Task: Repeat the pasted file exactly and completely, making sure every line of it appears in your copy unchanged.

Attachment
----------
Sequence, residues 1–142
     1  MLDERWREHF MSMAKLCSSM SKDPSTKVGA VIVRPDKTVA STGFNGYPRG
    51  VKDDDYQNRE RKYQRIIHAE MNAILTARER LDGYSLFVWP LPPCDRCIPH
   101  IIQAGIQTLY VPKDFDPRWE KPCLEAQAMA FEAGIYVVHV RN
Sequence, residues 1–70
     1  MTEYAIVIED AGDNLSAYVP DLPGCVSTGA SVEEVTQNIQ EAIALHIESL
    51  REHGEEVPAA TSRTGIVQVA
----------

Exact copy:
Sequence, residues 1–142
     1  MLDERWREHF MSMAKLCSSM SKDPSTKVGA VIVRPDKTVA STGFNGYPRG
    51  VKDDDYQNRE RKYQRIIHAE MNAILTARER LDGYSLFVWP LPPCDRCIPH
   101  IIQAGIQTLY VPKDFDPRWE KPCLEAQAMA FEAGIYVVHV RN
Sequence, residues 1–70
     1  MTEYAIVIED AGDNLSAYVP DLPGCVSTGA SVEEVTQNIQ EAIALHIESL
    51  REHGEEVPAA TSRTGIVQVA